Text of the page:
In some cultures, it wouldn’t be considered strange for a mother to take care of her son for 40 years. However, it might seem a little weird if he were dead for almost two decades.
After Joni Bakaradze died at age 22, his family in the Eurasian country of Georgia decided against interring him, and insteadpreserved his body as a mummy for 18 years. His mother, Tsiuri Kvaratskhelia, told Georgia News that the decision was made so that her son’s child could “see what kind of father he had.”
Bakaradze’s body has been kept in a coffin with what appears to be a viewing window. Kvaratskhelia told the station that the family at first used traditional methods, including balsam sap, to preserve the body. More recently, she claims to have switched to spirits — and we’re not talking spells and incantations.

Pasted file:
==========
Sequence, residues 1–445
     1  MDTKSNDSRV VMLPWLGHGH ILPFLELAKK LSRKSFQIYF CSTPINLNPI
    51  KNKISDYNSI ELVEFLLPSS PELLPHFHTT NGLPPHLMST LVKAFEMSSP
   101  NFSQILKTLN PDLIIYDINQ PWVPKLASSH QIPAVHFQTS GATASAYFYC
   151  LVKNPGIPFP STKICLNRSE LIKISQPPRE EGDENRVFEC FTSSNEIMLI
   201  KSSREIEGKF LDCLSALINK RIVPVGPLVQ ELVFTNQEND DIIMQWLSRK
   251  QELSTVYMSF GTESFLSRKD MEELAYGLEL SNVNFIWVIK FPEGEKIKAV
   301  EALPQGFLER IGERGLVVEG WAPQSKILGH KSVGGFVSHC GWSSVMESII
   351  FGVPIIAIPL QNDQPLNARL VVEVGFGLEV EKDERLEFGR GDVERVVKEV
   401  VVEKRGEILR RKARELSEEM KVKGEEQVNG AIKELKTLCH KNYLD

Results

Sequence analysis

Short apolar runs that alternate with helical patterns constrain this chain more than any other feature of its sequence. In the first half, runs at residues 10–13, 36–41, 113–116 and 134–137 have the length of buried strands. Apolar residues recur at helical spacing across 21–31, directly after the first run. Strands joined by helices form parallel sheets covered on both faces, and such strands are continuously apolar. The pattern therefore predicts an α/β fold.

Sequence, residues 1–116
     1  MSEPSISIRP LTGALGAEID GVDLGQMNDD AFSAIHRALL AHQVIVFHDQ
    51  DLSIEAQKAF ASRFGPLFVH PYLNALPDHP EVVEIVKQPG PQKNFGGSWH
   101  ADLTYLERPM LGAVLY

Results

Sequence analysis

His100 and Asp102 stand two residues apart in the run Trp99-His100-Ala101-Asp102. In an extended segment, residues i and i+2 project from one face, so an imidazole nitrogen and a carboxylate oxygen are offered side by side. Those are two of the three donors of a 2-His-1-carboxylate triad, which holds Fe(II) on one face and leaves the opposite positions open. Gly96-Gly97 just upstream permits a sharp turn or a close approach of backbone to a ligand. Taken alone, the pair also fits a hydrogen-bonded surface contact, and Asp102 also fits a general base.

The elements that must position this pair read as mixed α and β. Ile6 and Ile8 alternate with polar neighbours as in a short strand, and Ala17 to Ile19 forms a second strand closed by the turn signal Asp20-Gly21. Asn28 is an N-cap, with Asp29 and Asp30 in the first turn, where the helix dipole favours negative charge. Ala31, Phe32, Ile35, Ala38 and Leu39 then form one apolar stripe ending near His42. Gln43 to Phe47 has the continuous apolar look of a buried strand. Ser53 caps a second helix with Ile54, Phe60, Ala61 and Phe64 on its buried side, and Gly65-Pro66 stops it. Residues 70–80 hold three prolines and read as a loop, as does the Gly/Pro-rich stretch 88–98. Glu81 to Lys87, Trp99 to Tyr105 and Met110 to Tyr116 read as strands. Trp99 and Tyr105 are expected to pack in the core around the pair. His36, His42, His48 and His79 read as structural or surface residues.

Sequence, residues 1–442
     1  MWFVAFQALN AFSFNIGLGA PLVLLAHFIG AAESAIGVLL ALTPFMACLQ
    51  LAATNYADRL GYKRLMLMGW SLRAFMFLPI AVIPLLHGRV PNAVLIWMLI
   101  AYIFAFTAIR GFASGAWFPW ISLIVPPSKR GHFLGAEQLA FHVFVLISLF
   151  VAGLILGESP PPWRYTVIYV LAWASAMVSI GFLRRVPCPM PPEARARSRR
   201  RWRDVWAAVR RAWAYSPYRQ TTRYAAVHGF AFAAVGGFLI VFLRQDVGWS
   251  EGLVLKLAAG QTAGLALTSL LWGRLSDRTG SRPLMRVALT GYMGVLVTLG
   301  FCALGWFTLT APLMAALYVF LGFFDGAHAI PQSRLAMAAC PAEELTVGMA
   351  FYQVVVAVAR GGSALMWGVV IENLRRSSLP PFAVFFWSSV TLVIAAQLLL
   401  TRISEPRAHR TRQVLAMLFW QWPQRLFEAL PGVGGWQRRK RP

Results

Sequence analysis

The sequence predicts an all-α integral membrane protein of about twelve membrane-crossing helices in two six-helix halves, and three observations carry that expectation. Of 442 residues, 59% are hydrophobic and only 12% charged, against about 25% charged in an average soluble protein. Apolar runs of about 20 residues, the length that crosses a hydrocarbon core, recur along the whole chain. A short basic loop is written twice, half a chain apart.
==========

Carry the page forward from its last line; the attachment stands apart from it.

“I had a dream once. Somebody was telling me to wake up and start using vodka to care for the body,” Kvaratskhelia said in an interview. “I have been using… spirit liquid poultices since then. You must not leave the body without them during [the] night, because it will turn black.”
Mummification is perhaps best known as a burial practice of the Ancient Egyptians, but other cultures in South America and Asia have practiced it throughout history.
In 1920, the body of Rosalia Lombardo, a 2-year-old Italian girl who died of the flu, was ordered preserved by her aggrieved grandfather. Although it began to show some signs of discoloration recently, the girl’s body remains remarkably preserved.